Guy Wernham “Contributions to the Delinquency of Minor Poetry” Private pressing on red vinyl Little is known about Guy apart from his work translating French literature. This is a one-of-a-kind, collector’s record of poetry in the beatnik style. This and 100 other rare and unusual records from the LP Cover Lover archives are being put up for auction on eBay beginning on Monday, April 13th!
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Allen Ginsberg Reads Kaddish A 20th Centutry American Ecstatic Narrative Poem Atlantic Records Verbum Series (1966) Front Cover shot by Richard Avedon Back cover is some of Ginsberg’s handwritten manuscript of “Kaddish” and features a photograph of the poet with his mother at the New York World’s Fair in 1939. Two-page statement by Ginsberg entitled: “How Kaddish Happened” printed inside gatefold sleeve. Ginsberg wrote the poem about his mother Naomi after her death in 1956, who struggled with mental problems throughout her life. Naomi suffered many psychotic episodes both before Allen was born and while he was growing up. She went in and out of mental hospitals and was treated with medication, insulin shock therapy, and electroshock therapy. She died in an asylum in 1956.
The title Kaddish refers to the mourning prayer or blessing in Judaism. This long poem was Ginsberg’s attempt to mourn his mother, Naomi, but also reflects his sense of loss at his estrangement from his born religion. The traditional Kaddish contains no references to death, whereas Ginsberg’s poem is riddled with thoughts and questionings of death. After her death, a rabbi would not allow the traditional Kaddish to be read with Ginsberg’s Christian and Atheist friends, so he rebelled and wrote a Kaddish of his own. Ginsberg began writing the poem in the Beat Hotel in Paris in December 1957 and completed it in New York in 1959.
Below is an advert for the album.
CALL ME BURROUGHS (ESP-Disk) Recorded in his instantly recognizable, craggy and clipped mid-western drawl at the English Bookshop, Paris, France in 1965. This first recording by poet, novelist and Beat legend William S. Burroughs includes excerpts from his novels NAKED LUNCH, NOVA EXPRESS and THE SOFT MACHINE. In the Seventies and Eighties, Burroughs recorded a number of solo projects, in addition to collaborating with everyone from John Cale and Laurie Anderson to Tom Waits and Kurt Cobain.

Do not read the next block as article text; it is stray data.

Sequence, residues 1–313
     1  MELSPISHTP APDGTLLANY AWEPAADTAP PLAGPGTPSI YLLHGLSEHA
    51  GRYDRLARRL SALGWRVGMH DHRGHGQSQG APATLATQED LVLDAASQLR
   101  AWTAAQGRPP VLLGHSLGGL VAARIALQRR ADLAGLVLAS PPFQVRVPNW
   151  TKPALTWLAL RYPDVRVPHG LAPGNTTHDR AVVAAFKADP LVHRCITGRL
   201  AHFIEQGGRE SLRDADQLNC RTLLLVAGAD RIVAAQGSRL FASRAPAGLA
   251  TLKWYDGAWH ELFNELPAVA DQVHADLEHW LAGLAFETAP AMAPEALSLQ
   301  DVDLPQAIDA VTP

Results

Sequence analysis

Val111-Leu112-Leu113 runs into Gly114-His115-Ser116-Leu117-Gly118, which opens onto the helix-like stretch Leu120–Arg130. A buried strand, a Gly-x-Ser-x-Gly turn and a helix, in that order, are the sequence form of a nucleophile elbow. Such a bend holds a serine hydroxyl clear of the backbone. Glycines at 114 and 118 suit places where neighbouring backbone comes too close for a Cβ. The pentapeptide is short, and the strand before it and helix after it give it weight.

“The excerpts follow the exploits of junkies, prostitutes, doctors, and others as they move through grisly underworlds without concern for the borders between reality and hallucination. By turns, they are blackly funny and deeply sinister, often within the same piece.”
Ken Nordine and the Fred Katz Group “Word Jazz” Dot Records The crazy, twilight zone meets madison avenue meets jack kerouac recordings of the uniquely voiced Ken Nordine.
A “concept” album for: Swingers, flingers and ring-a-ding-dingers. Losers, choosers and credit card boozers. Psychotics, neurotics and whacked out erotics. Mismates, blind dates and turned on roomates.
“Music for RAT FINK Lovers” Jackie Kannon Rat Fink Records (1964) A new musical experience in social decadence. Copyright by Cockamamie Enterprises When to Play This Album: When she says “Yes” When she says “No When your wife is out of town …
Babs Gonzales “Voila” Hope Records
1. Le Continental
2. Me Spelled, M-E, Me
3. Them Jive New Yorkers
4. Lullaby of the Doomed
5. The Preacher
6. A Nite in Tunisia
7. Movin’ and Groovin’
Babs Gonzales (vcl), Johnny Griffin (ts), Charles Rouse (cl), Les Spann (fl), Ray Crawford (g), Horace Parlan (p), Peck Morrison (b), Roy Haynes (d), The Modern Sounds (vcl). Arrangements by Melba Liston. Recorded in NYC, July 16, 1958.
Ken Nordine and the Fred Katz Group. “My Baby” Dot Records (1959) Ken Nordine is a voice-over and recording artist whose deep, resonant voice was featured in many commercials and movie trailers. He attracted much wider attention when he recorded the aural vignettes on Word Jazz (Dot, 1957) and Son of Word Jazz (Dot, 1958). His other albums in this vein feature Nordine’s narration over cool jazz by the Chico Hamilton jazz group, recording under the alias of Fred Katz, who was then the cellist with Hamilton’s quintet.